For about four decades, completion of the course “Adaptation for Work as Therapists in the Education System” (hereinafter: “adaptation course”)has allowed one to apply for a permanent license to work as a therapist in the education system. Every year, about 800 male and female students participate in this course across the country. The course is designed to help develop the professional identity of therapists in the education system, and to expand knowledge and educational concepts and tools required to work in the system, while creating a common language between the therapists and the educational team. So far, no in-depth research has been conducted regarding the “adaptation course” in general or regarding the satisfaction of the participants in the course in particular.Until the school year 2019-2020, the course was delivered face-to-face.Following the corona virus, the manner of learning changed, and the course was taught in an integrated (hybrid) manner, and in the school year 2020-2021, the course was fully online. From the feedback questionnaires sent on behalf of the Ministry of Education, it appears that the degree of satisfaction was higher when the therapists studied in an integrated manner. Contrary to this assumption, many new therapists contacted the Ministry of Education and asked to enroll in a fully-online course. In the school year 2021-2020, 24integrated adaptation courses were opened. Only in one institution were two courses opened at the same time with the same content and lecturers – one integrated and one fully online. Only 56 students participated in these courses,and at the end of the course, 48 of them agreed to participate in the research.The research employs the Mixed Method, the quantitative part being based on an online environment satisfaction questionnaire developed by Sun et al.(Sun et al. 2008). Since the number of participants in this study was limited,a qualitative part was added that included eight semi-structured interviews and provided a clearer picture of the findings. The purpose of the study was to examine the components of satisfaction among students in integrated and fully-online courses.The findings indicated that in the group that studied fully online, the satisfaction with online learning was significantly higher than in the group that studied in an integrated manner. The interviewees in this group emphasized considerations such as convenience and efficient use of time and resources,as well as the possibility of having more time to focus on personal needs,and the needs of the home and the family. In contrast, the group that learned in an integrated manner noted the importance of the face-to-face encounter both in the academic and the social aspects. They emphasized that social and professional connections were formed, which they claimed would not have been formed in the same way through online learning. From a Hierarchical Regression analysis that examined the significant predictors of satisfaction with the online environment in both groups, significance was found for the“student’s characteristics” index. That is to say, the therapists’ satisfaction with the online environment increased as they showed responsibility for learning and managed to be focused and attentive despite the distractions at home.This research has a practical contribution to the planning of the “adaptation courses” in the coming years. Today, the decision to assign a student to an online course or to an integrated course depends on the student’s geographic location. This research teaches us that it is also worth considering “students’ characteristics” when assigning learners to one of the courses (integrated or fully online).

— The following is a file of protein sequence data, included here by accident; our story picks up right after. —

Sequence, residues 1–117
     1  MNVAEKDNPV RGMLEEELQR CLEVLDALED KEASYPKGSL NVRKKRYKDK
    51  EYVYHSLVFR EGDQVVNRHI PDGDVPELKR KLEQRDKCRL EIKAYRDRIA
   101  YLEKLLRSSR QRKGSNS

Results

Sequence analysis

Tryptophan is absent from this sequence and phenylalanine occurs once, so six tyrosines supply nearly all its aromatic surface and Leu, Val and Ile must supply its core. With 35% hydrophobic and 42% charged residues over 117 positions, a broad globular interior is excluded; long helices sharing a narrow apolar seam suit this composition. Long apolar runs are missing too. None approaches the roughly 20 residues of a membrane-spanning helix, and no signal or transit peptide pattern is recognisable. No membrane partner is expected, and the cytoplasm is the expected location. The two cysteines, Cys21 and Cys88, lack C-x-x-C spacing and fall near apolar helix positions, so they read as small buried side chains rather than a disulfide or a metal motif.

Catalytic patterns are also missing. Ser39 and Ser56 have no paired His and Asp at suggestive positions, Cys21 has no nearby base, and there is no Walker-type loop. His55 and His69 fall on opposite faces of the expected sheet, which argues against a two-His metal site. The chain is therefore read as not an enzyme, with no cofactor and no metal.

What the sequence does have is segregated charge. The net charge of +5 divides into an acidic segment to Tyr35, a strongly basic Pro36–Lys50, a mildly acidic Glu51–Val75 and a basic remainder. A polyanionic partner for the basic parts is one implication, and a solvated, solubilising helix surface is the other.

|Translated title of the contribution
|“Using Zoom is Convenient but the Encounter is Missing”– Satisfaction with Online or Integrated Learning in an Adaptation Course for Therapists in the Education System
|Number of pages
|מחקרי גבעה: שנתון המכללה האקדמית לחינוך גבעת ושינגטון
|Published - 2023